Mental Health Advocacy Day - ‘a watershed moment’
Feature story by Frank Quinlan, CEO Mental Health Australia
No one knows exactly where the phrase ‘United we stand, divided we fall’ originally comes from, but folklore attributes it to the ancient Greek storyteller Aesop from his fable The Four Oxen and the Lion.
In this story, a lion tries to attack a group of four oxen, but whenever he came near they turned their tails to one another. Whichever way the lion approached them he was met by the horns of one of the oxen. At last, however, the oxen quarrelled among themselves, and each went off to separate corners of the field. The lion attacked them one by one and soon made an end of them all.
This famous (and arguably somewhat overused) phrase has graced political speeches, mottos of nations and songs throughout history, and while slightly clichéd, its message is a powerful one – only through unity can we overcome challenges and make a difference.
There was certainly a strong sense of unity a month ago when representatives from the mental health sector met with parliamentarians en masse for a day of advocacy surrounding mental health.
Rather than speaking solely about local issues, representatives presented a cohesive message, united as one voice, calling for change in the way we approach the mental health system.
The delegates included leaders from mental health organisations, as well as consumer and carers. They presented three key messages to 47 Members and Senators from across the political spectrum, asking for clarity on the direction of mental health in Australia.
Firstly, they petitioned for the public release of the National Mental Health Commission’s Review into Mental Health Services and Programmes.
The Federal Government received the report back in December last year.
While we respect the Government’s need to consider and respond to it, as a sector we must be consulted about what’s in store in the future so we may continue to drive change.
With so much riding on the Commission’s Review, and with so many unsure of who is responsible for what, we are seeing a perfect storm of indecision from all levels of government. The release of this report would definitely give the sector some much needed illumination of the Federal Government’s thinking around this issue.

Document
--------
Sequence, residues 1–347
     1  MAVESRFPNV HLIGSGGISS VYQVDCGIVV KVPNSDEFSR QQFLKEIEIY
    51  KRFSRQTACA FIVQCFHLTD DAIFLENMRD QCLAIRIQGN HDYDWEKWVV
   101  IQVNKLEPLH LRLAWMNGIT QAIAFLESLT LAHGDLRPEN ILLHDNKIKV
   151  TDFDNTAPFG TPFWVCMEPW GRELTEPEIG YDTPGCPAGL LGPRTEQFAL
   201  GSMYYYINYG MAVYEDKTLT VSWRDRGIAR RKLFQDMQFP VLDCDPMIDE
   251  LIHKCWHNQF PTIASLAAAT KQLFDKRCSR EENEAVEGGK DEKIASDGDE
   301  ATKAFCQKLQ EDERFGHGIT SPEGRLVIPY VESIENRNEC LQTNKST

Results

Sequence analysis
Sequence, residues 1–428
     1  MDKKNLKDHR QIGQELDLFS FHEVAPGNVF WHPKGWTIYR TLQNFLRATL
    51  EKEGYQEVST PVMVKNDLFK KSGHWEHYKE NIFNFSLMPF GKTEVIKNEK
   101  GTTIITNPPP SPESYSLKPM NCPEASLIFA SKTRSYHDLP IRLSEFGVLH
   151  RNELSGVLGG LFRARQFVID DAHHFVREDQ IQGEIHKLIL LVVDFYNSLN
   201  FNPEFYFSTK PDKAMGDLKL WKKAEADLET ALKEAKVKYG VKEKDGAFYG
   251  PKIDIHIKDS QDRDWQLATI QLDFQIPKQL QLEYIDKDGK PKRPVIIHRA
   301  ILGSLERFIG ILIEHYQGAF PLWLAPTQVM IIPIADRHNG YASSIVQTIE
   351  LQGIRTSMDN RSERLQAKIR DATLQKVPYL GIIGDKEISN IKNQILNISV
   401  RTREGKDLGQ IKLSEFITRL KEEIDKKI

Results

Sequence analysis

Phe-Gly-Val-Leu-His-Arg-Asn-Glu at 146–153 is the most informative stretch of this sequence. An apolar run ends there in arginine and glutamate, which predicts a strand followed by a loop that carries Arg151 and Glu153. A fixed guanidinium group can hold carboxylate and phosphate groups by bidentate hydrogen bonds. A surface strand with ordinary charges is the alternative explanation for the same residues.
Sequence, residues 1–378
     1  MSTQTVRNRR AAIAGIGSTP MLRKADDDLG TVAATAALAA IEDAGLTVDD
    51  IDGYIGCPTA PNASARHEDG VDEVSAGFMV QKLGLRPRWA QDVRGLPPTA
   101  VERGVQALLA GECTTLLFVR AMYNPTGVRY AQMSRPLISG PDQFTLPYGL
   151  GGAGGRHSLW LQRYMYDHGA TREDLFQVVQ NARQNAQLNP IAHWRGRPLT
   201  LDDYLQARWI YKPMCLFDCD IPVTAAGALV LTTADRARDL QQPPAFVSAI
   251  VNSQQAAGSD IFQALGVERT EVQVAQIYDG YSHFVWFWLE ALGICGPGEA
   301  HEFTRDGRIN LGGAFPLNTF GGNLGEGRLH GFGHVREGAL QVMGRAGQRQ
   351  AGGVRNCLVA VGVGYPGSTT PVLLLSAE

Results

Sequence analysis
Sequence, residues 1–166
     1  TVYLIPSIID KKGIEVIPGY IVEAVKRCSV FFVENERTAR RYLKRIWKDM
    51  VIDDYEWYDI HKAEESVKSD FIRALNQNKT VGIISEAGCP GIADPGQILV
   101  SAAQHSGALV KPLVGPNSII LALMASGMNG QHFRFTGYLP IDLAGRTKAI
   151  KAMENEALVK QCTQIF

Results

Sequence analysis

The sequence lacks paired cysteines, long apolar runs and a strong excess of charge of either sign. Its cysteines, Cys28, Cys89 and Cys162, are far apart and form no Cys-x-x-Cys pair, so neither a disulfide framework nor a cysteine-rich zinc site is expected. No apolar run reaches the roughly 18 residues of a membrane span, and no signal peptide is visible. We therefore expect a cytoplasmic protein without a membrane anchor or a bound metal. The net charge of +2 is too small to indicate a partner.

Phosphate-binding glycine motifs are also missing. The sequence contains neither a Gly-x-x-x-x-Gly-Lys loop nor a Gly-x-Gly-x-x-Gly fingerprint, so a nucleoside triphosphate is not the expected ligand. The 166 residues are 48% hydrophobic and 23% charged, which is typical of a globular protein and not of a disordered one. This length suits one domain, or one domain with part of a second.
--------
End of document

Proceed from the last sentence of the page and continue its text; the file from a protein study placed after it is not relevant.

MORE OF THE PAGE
The question of uncertainty extended to the next message, with delegates asking for funding certainty for not-for-profit mental health services. Thousands of Australians use these services across the country, however many organisations are still unsure if their funding will be renewed past June 30.
This was partly addressed the following Monday, with Assistant Minister for Social Services Mitch Fifield announcing that the Personal Helpers and Mentors Program and the Mental Health Respite: Carer Support program will have funding extended for another twelve months. While this is fantastic news for the agencies who work with those programs, many other services are still in the dark of what the outcome will be.
We are seeing NGO organisations beginning to hit the wall - they are already winding up services and seeing staff leave.
The reality of these shut downs is a significant loss of knowledge and services. Down the track, due to this current indecision, we will see further stress on the public health system and the federal welfare system, as more Australians fall through the gaps usually filled by the mental health sector.
We need assurance of short term funding now, to ensure the mental health and wellbeing of Australians. As shown in our survey conducted in November, 40% of responding organisations were already losing staff due to this uncertainty.
Lastly, the delegates discussed the importance of major reform of the mental health sector, calling for a ten-year commitment to reforming Australia’s inadequate mental health system. For this change to be meaningful and lasting, the measures must be outside the usual short-term electoral and budgetary cycles.
The delegates held a final press conference, with nearly all of the 90 or so delegates gathering in the Senate courtyard of Parliament House to present a united front to the assembled media.
It was a fantastic day of advocacy, with one delegate commenting “I don’t think I am involved with any other peak or representative organisation that invests its members with such trust and commitment. This was a very, very worthwhile day for us.”
David Meldrum from the Mental Illness Fellowship of Australia described the day as a “watershed moment for Mental Health Australia and the mental health sector.”
From all accounts, it appears that most of the Members and Senators we met with listened to our concerns seriously. We hope this will result in tangible action further down the track.
The fact that we spoke to parliamentarians from every major political party as well as some independents is definitely encouraging. Only through multi-partisan agreement can we hope for change beyond politics.
My sincere gratitude goes out to the delegates and the organisations they represent for their participation and enormous effort which they put into the day. As a sector, we will continue to make our case for change, and we look forward to working with you all along that journey.
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